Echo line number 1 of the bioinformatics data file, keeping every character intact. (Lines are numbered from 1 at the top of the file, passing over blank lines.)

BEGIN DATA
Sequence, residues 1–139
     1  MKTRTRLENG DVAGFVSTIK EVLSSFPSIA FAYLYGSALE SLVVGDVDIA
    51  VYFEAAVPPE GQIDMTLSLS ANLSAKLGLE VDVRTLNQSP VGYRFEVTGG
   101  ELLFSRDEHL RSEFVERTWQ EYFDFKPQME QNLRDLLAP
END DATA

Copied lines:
Sequence, residues 1–139